Armenian artist sculpts historic Jerusalemites in layers of paper and aluminum
Karen Sargsyan spent the last three months in a makeshift moshav studio, crafting his unique figures for a Tower of David exhibit opening July 8
It’s a colorful collection of historic figures gathered in Karen Sargsyan’s temporary studio housed in a former moshav hen house, ranging from King David, King Solomon and the Queen of Sheba, to Herod, Suleiman the Magnificent, Eliezer Ben-Yehuda and Anna Ticho.
What these figures all have in common is their influence over the city of Jerusalem, and, for the moment, their many-layered faces and bodies, sculpted in multi-layered sheets of paper or thinly sliced layers of aluminum, sometimes sprayed to bright, uniform colors, at other times left to their natural, silver sheen.
“I didn’t separate Jewish history and history, it’s one big thing,” said Sargsyan. “These guys made part of history.”
Sargsyan sculpted a total of nine figures, including Cyrus the Great, King of Persia, Herod the Great, Melisende the crusader queen of Jerusalem, Suleiman the Magnificent.
They’ll soon be moved to their temporary abode at the Tower of David Museum, as part of the “Rock Paper Scissors” exhibit opening July 8, featuring Sargsyan, a Dutch artist of Armenian background, known for his bold, intricate sculptures made of paper.
Some of the figurines are human-size sculptures, built around a wooden base, yet oddly lifelike, with facial expressions, limbs and bodies seemingly ready to move and act, thanks to the Sargsyan’s signature technique.
His trademark style was developed during art studies at the renowned Rijksakademie art school in Amsterdam, where Sargsyan moved with his family after experiencing economic and political pressures in his homeland of Armenia. He also credits his sculpture technique to his earlier experience as a boxer and his college studies, when he took anatomy courses that helped him understand the workings of the body.
But this internationally known paper artist remembers first turning to paper long before that period, as a kind of experiment as he figured out the planes and lines of the human body.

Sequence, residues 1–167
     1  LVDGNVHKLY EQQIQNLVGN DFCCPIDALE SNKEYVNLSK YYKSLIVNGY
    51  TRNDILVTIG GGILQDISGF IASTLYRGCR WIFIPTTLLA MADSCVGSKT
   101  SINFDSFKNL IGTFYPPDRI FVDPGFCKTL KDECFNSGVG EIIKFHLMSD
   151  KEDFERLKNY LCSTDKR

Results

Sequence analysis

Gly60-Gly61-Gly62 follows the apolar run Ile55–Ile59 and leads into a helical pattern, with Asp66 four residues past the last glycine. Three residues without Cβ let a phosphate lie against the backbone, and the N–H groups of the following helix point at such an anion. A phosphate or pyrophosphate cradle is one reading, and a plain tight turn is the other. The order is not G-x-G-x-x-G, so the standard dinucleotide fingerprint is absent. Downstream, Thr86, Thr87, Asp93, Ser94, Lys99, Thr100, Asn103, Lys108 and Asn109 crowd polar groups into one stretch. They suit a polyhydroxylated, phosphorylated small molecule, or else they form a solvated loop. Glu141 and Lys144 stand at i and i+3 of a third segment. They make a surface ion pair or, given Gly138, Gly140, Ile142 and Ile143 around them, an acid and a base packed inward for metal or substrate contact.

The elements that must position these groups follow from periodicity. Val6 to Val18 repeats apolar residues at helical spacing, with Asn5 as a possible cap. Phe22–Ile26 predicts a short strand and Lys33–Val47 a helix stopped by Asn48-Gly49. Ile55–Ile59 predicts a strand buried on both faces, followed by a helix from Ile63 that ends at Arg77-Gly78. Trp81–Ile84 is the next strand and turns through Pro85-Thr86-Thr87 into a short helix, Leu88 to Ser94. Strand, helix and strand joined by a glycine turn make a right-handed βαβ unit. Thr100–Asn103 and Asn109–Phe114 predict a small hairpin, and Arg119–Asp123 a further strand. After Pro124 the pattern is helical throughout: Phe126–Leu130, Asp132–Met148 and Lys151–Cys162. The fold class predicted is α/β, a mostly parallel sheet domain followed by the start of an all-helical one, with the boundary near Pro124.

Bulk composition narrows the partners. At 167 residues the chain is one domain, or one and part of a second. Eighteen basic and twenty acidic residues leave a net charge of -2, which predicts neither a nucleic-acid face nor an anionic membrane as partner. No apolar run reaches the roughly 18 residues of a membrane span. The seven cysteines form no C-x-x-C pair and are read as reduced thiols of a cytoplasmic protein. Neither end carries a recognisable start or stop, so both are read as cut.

That was more than 20 years ago. Since then, Sargsyan, now 45, has shown internationally, including London’s Tate Modern and in 2019 at France’s Pompidou Metz.
“These new works by Sargsyan, which were created especially for this exhibition, bring a unique, modern interpretation to Jerusalem’s historical figures,” said Eilat Lieber, who directs and is chief curator of the Tower of David Museum. “The figures add an artistic dimension which express, in a visual manner, the hopes, influences, plans and challenges which accompany the history of the city through thousands of years.”
Delving into Jewish biblical figures, or historical heroes known for their support of the Jewish or Israeli cause wasn’t all that straightforward for Sargsyan, whose Dutch colleagues and friends looked upon this upcoming show with some consternation for Israel’s politics.
“I’m not religious or political,” said Sargsyan. “I approached this as a novice.”
He turned to some bible study, reading both the Old and New Testament to understand the context of the Tower of David and to familiarize himself with some of the biblical heroes, as well as literary takes on the bible.
“I needed to interpret these people,” he said. “To see what kind of influence they had on the city of Jerusalem.”
Sargsyan and his wife came to Jerusalem three months ago, along with a shipment of 100 kilos of aluminum and schlepping more than 2,500 knives, with plans to create nine works before the July opening of the show.
Some of the sculptures are the size of a human body, others are smaller, such as Eliezer Ben-Yehuda, shown sitting at his desk, or Anna Ticho getting ready to paint.
Ben-Yehuda, in blacks, whites, yellows and reds, ended up being sculpted out of thin sheets of plastic, Sargsyan’s interpretation of this more “modern, very contemporary person.”
Anna Ticho, a round rotund figure holding an artist’s palette, is in the pinks, purples and greens of her own watercolors, and made from aluminum sheets spray-painted to a solid, fine sheen.
The end result of each sculpture is almost scarecrow-like in effect, with layers upon layers of finely cut, shredded paper and aluminum, but with sharp edges, offering planes of a face, hairs of a bear, movement in the limbs, the curled edges of a helmet worn by Suleiman.
“It’s been three months of very intensive work, day and night,” said Sargsyan. “But the Tower of David is a super great place to do this.”
There will be activities and seminars for children, families and adults throughout the course of the exhibit, which is open until October 1.
Children’s activities will be offered during the summer months and will focus on various techniques for using paper, paper-cutting, collage and soft materials for creating multi-faceted shapes of different sizes.
There will also be free entrance to the Tower of David Museum for children from July 15 through August 31. Sargsyan will present gallery talks and art seminars for the community as well.